Desmond Barry confesses that the Pogues ballad about the legendary American outlaw inspired him to write a voice for Jesse James, that "dirty little coward who shot Mr. Howard", in his gritty first novel The Chivalry of Crime. The researcher for Peter Carey's novel Jack Maggs, Barry shows an extraordinary talent for creating historical characters who inhabit a convincing past. James is scarcely likeable, but his motives become understandable, and so does his significant place in the American psyche. This is a great, galloping, delightful read that will rope in even readers who are no fans of the Western.
Barry gives this novel depth by making the historical link between the Confederate rebels who operated like a guerrilla army (chillingly reminiscent of the Bosnian Serbs) during the American civil war, and the legendary outlaws of the West. He mines the seam of violence that underpinned US political development and reveals how intimately it was bound up with nascent ideologies.
Jesse joins his brother, hiding out with the rebels after a Union officer tortures him and his stepfather at their family farm in Missouri for information that would lead them to the "guerrillas". A preacher's son, James understands his fight against the Yankees as a mission that he must execute with religious zeal. Killing becomes its own motive. "All that counted was abandon to the cause of violence", where lay "some supreme mystery that had to do with God's venegeful heart".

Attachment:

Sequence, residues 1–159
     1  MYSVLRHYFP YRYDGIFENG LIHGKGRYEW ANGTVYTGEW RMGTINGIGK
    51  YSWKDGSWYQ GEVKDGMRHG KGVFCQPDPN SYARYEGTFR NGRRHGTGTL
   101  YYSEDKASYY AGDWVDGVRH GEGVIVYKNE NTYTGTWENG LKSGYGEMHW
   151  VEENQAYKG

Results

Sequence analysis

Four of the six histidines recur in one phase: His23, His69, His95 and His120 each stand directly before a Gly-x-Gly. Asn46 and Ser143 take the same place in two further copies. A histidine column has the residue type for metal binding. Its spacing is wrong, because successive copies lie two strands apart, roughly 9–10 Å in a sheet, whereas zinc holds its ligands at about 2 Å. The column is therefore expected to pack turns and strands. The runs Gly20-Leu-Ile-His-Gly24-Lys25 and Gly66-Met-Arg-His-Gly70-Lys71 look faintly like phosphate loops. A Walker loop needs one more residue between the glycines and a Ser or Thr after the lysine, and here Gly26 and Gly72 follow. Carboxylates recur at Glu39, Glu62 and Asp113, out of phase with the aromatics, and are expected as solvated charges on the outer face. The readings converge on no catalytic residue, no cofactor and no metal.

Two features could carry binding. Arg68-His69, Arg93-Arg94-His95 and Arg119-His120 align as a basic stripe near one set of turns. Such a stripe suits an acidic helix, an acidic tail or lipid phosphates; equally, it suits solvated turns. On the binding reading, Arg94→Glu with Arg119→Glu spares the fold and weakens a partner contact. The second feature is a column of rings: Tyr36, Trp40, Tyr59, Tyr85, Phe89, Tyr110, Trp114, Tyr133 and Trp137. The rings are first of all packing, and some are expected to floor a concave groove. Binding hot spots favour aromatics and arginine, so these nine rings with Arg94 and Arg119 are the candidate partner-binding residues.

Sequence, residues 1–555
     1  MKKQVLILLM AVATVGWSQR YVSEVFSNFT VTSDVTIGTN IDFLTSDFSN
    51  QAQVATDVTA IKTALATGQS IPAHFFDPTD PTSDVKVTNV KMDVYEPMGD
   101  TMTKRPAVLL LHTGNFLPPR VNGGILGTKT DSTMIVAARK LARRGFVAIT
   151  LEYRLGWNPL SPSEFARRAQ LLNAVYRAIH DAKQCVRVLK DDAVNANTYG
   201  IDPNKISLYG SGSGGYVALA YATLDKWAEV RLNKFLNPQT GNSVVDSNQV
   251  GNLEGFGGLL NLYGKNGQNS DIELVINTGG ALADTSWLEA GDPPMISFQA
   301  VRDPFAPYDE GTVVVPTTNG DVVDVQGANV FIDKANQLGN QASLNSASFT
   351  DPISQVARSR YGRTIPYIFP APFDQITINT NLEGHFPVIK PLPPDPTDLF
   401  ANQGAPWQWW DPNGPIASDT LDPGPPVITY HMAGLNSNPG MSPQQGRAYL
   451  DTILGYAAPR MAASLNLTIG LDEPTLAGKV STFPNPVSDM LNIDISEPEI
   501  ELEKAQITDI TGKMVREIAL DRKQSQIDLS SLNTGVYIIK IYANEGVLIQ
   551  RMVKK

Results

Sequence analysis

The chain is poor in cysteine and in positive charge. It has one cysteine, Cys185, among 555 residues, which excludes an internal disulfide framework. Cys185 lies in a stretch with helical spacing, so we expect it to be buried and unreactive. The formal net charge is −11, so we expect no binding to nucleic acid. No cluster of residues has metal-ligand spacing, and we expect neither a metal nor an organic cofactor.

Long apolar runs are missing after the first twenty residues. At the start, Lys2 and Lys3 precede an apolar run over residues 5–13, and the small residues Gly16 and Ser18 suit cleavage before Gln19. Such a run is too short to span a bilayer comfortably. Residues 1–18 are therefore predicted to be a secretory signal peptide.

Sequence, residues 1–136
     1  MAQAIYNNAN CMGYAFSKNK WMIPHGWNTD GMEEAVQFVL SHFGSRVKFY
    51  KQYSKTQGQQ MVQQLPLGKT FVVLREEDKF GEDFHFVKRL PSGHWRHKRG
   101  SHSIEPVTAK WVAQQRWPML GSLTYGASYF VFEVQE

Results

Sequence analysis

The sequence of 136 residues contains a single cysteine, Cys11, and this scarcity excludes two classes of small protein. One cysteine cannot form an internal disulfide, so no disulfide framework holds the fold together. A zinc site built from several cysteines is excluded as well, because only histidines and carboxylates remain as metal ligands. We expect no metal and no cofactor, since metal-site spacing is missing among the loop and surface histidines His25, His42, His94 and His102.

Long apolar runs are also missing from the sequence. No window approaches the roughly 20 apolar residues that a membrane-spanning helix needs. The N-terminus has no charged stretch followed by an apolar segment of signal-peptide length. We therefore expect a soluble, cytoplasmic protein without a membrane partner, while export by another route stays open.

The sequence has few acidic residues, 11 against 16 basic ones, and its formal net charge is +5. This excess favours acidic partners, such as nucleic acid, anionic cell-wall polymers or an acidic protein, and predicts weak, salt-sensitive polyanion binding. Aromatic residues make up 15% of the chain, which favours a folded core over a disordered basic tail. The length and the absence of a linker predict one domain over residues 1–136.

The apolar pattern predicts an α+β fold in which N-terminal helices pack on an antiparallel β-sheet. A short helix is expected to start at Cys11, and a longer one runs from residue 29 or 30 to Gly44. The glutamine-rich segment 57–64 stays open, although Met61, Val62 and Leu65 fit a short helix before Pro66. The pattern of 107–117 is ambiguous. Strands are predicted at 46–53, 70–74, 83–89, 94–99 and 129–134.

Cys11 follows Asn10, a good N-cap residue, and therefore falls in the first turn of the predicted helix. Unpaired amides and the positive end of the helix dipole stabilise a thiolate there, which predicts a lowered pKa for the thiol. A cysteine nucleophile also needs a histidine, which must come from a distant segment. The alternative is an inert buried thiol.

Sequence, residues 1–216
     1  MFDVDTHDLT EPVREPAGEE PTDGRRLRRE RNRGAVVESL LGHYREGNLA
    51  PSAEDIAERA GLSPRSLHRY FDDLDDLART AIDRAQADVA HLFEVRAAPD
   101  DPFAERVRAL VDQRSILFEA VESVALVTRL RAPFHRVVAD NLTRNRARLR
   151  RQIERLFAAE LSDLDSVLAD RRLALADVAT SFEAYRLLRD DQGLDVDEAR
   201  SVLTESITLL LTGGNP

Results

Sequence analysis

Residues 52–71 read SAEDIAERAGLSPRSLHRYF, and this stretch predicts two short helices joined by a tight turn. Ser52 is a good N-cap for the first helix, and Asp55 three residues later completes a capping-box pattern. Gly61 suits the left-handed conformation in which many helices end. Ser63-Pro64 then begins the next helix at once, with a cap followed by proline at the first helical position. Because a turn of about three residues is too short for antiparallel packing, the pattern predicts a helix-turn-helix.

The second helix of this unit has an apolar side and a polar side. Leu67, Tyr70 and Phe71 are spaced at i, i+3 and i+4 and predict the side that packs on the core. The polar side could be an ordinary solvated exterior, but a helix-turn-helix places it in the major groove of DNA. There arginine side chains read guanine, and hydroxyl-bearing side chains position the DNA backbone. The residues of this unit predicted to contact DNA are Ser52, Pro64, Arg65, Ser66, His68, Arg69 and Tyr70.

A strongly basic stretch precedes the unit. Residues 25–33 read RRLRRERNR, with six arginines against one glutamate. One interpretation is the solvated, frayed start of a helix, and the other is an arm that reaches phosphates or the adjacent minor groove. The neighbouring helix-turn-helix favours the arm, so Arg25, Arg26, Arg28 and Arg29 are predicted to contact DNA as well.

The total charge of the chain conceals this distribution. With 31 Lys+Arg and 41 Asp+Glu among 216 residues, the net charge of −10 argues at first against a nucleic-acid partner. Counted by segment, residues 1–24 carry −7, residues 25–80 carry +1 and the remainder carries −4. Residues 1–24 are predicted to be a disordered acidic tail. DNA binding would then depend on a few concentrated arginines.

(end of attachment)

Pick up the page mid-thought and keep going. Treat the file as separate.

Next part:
After years living in the bush, feeding off violence and humiliated by defeat, the transition from enemy soldiers into outlaws in the new United States seems inevitable. The ideological conviction remains: that they are only robbing to fund a Confederate revival. But there is also a "sweet joy" that fills Jesse after a bank raid turns into a bloodbath: "War's wild music, oh yes, war's wild music reprised."
Fiction becomes interwoven with historical truths as Jesse strikes a deal for exclusive coverage with John Newman Edwards, editor of the Kansas City Times. Barry has a knack for making such deals seem startlingly relevant. With Edwards's publicity, James gambles that if he ever comes to trial, he will have won any jury's hearts and minds through his daring adventures. He becomes a living legend - with editorial support.
In 19th-century America, James the outlaw was a powerful enough figure to send young men into the hills with second-hand guns. Barry explores this phenomenon through 15-year-old Joshua Beynon, a Welsh immigrnat who accidentally murders his father. The deeply alienated Joshua, who has already lost his mother, sister and baby brother to fevers, dreams of becoming a shootist. Again the contemporary relevance strikes a strong chord, as Beynon's father worries about his son's admiration of Bob Ford, a louche saloon owner credited with killing the legendary Jesse James. The tensions between the god-fearing but hypocritical folk of Weaver and Bob Ford's gang - who exploit their desire for whisky, prostitutes and gambling - are writ large. James, by comparision, seems downright moral.